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I was given the following problem: $$\int\sqrt{1-7w^2}\ dw$$ I used the sin substitution - getting $w=\frac1{\sqrt{7}}\sin\theta$. I then needed to change the $dw$ to a $d\theta$, so I got this: $dw=\frac1{\sqrt{7}}\cos\theta\ d\theta$. My new problem looks like this: $$\int\sqrt{1-7(\frac1{\sqrt{7}}\sin\theta)^2}(\frac1{\sqrt{7}}\cos\theta)\ d\theta$$

Continuing, I get: $$\int\sqrt{1-\sin^2\theta}(\frac1{\sqrt{7}}\cos\theta)\ d\theta$$ $$=\int\sqrt{\cos^2\theta}(\frac1{\sqrt{7}}\cos\theta)\ d\theta$$$$=\int\frac1{\sqrt7}|\sin^2\theta|\cos\theta\ d\theta$$ If I now set $u=\sin\theta$ I get: $$\frac1{\sqrt7}\int u^2 \ du$$$$=\frac1{3\sqrt7}u^3$$$$=\frac{\sin\theta}{3\sqrt7}+c$$
This is not the correct answer. Why not? Where did I go wrong? What is the proper way to do a problem like this one?

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  • $\begingroup$ What do you mean by it "looks wrong"? $\endgroup$ – Ninad Munshi Sep 17 '19 at 1:01
  • $\begingroup$ To me it doesn't look like I'm doing the right thing $\endgroup$ – Burt Sep 17 '19 at 1:13
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    $\begingroup$ How can you know that if you don't have a lot of experience with these types of integrals? Experience is everything. Keep going and keep simplifying, don't just give up. $\endgroup$ – Ninad Munshi Sep 17 '19 at 1:15
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Let us consider the general case where $a > 0$, $b > 0$, $a^{2}-b^{2}x^{2} \geq 0$ and $a/b \leq 1$: \begin{align*} \int\sqrt{a^{2} - b^{2}x^{2}}\mathrm{d}x \end{align*}

According to the substitution $\displaystyle x = \frac{a\sin(\theta)}{b}$, we get $\displaystyle\mathrm{d}x = \frac{a\cos(\theta)}{b}\mathrm{d}\theta$. Thus we have \begin{align*} \int\sqrt{a^{2}-b^{2}x^{2}}\mathrm{d}x & = a\int\sqrt{\displaystyle 1 - \left(\frac{bx}{a}\right)^{2}} = \frac{a^{2}}{b}\int\sqrt{1 - \sin^{2}(\theta)}\cos(\theta)\mathrm{d}\theta\\\\ & = \frac{a^{2}}{b}\int\cos^{2}(\theta)\mathrm{d}\theta = \frac{a^{2}}{b}\int\frac{\cos(2\theta) + 1}{2}\mathrm{d}\theta\\\\ & = \frac{a^{2}}{b}\left[\frac{\sin(2\theta)}{4} + \frac{\theta}{2}\right] = \left[\frac{x\sqrt{a^{2}-b^{2}x^{2}}}{2} + \frac{a^{2}\arcsin\left(\displaystyle\frac{bx}{a}\right)}{2b}\right] \end{align*}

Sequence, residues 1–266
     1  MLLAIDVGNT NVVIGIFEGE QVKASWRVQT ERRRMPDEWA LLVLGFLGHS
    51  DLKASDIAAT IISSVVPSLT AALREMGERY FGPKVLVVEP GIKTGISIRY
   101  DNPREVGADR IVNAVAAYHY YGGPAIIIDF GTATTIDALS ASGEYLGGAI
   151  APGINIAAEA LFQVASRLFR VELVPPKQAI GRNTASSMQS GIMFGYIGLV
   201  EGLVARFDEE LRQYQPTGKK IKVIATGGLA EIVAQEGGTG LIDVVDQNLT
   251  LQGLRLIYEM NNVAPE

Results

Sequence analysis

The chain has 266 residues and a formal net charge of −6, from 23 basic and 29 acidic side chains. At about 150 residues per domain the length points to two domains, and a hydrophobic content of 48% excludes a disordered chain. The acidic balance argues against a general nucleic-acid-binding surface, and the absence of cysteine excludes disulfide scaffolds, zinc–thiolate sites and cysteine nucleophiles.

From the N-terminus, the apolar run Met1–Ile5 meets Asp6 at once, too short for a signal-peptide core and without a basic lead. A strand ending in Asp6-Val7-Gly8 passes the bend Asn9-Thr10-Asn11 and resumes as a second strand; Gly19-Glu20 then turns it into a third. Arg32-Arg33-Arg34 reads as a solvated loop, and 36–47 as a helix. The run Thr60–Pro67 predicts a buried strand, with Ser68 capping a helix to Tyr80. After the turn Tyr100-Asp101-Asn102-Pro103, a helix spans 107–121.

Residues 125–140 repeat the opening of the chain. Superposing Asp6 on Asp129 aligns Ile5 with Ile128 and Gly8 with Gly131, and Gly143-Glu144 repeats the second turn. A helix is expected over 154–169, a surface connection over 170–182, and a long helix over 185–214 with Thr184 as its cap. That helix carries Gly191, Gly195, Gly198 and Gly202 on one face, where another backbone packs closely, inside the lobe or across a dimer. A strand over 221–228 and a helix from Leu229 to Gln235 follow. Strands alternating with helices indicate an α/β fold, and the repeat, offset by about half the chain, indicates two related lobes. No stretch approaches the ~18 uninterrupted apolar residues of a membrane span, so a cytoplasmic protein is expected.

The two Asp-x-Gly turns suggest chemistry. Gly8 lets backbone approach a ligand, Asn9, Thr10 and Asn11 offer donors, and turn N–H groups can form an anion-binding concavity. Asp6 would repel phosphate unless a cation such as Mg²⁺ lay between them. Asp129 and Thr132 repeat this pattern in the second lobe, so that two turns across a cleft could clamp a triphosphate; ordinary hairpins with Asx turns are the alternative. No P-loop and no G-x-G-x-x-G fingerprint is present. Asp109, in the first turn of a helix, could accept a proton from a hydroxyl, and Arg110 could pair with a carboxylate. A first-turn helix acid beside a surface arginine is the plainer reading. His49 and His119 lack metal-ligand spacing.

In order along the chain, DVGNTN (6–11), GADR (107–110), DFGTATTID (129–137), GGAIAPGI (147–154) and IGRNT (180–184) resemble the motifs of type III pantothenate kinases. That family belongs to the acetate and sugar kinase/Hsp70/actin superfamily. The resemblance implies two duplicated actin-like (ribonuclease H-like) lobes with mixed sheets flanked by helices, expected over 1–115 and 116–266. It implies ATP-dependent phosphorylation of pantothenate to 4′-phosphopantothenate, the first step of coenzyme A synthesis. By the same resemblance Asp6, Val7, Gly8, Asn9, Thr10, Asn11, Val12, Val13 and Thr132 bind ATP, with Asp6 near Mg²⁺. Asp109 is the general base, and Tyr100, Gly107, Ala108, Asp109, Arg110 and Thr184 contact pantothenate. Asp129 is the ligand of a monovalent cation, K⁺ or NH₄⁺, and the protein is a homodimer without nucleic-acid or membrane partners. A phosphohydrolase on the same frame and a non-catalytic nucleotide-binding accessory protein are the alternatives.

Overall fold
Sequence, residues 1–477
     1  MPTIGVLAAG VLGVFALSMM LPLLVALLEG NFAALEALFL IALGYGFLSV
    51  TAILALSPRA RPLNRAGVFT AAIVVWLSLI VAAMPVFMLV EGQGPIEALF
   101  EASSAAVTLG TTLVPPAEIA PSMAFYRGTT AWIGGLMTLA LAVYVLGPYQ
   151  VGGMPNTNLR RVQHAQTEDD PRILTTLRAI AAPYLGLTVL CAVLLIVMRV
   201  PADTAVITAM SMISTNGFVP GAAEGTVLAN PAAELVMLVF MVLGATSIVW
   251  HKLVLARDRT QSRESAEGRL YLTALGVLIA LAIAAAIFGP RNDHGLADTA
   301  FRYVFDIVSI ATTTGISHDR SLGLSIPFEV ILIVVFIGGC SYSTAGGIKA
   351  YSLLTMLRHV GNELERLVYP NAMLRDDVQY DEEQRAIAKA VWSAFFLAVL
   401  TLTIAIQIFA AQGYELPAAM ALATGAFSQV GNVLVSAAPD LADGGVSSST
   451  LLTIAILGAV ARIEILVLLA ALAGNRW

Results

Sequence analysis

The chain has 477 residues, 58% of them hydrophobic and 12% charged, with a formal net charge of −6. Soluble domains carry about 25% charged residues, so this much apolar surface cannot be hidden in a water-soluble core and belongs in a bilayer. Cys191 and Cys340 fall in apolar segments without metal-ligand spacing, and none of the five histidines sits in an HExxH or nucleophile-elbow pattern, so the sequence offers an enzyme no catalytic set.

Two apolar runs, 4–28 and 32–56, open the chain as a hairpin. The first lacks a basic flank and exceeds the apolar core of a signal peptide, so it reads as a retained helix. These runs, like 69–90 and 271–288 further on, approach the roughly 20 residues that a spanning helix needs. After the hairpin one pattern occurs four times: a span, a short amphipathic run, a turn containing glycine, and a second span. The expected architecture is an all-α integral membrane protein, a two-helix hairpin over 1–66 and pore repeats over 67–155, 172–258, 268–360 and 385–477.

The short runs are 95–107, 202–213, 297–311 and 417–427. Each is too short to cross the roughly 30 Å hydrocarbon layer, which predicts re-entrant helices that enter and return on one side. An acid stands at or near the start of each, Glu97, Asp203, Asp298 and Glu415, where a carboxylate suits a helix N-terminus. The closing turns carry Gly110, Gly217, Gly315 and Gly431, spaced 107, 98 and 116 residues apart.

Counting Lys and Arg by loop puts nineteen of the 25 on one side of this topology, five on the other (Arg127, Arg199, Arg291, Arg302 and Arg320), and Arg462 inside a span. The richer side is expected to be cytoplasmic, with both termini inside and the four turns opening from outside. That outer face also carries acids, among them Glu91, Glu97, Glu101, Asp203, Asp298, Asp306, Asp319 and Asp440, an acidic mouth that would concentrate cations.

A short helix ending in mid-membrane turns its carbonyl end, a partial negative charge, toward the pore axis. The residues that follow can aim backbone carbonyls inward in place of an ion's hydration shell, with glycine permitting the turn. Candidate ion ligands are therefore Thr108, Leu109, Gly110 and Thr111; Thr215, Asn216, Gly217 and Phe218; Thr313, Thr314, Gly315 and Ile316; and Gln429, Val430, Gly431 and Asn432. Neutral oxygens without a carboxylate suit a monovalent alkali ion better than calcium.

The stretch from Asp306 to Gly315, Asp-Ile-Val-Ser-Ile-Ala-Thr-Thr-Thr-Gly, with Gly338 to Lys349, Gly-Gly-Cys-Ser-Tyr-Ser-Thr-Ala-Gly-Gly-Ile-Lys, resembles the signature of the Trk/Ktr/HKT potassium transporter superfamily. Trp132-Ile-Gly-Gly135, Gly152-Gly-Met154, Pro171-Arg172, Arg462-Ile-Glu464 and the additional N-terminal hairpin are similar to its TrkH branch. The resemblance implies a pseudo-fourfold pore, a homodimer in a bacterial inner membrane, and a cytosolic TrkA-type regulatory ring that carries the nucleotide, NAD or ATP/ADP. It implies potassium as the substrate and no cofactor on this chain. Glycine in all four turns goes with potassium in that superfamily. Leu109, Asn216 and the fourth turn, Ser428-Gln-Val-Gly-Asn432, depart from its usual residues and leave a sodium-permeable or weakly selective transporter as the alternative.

In your case, $a = 1$ and $b = \sqrt{7}$.

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It may be more desirable to integrate directly without substitution.

$$I= \int \sqrt{1-x^2}dx = x\sqrt{1-x^2} + \int \frac{x^2}{\sqrt{1-x^2}}dx $$

$$=x\sqrt{1-x^2} -I + \int \frac{dx}{\sqrt{1-x^2}}=x\sqrt{1-x^2} -I + \sin^{-1}x+C$$

Thus,

$$I = \frac 12 \left( x\sqrt{1-x^2}+ \sin^{-1}x \right)+C $$

With $x=\sqrt{7}w$, the original integral,

$$\int\sqrt{1-7w^2}\ dw=\frac{1}{\sqrt{7}}I =\frac{1}{2\sqrt{7}} \left( \sqrt{7}w\sqrt{1-7w^2}+ \sin^{-1}(\sqrt{7}w)\right) +C$$

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  • $\begingroup$ Integration by parts...well played, sir! $\endgroup$ – bjcolby15 Sep 17 '19 at 22:01
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$$\int\sqrt{1-7w^2}\ dw$$

$w=\frac{\sin(x)}{\sqrt{7}}$

$dw=\frac{\cos(x)}{\sqrt{7}} dx$

$\int\sqrt{1-7w^2}\ dw$=$\int\sqrt{1-7(\frac{\sin(x)}{\sqrt{7}})^2} \frac{\cos(x)}{\sqrt{7}}\ dx$=$ \int\sqrt{1-\sin^2(x)} \frac{\cos(x)}{\sqrt{7}}\ dx$=$ \int \frac{\cos^2(x)}{\sqrt{7}}\ dx$=$\frac{\cos(x)\sin(x)+x}{2\sqrt{7}}$.

Then use $\sqrt{1-\sin^2x}=\cos(x)$ to put it in terms of $w$ if you have to

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  • $\begingroup$ The point is that you put it back in terms of the original variable? Up till that point was I correct? $\endgroup$ – Burt Sep 19 '19 at 3:44

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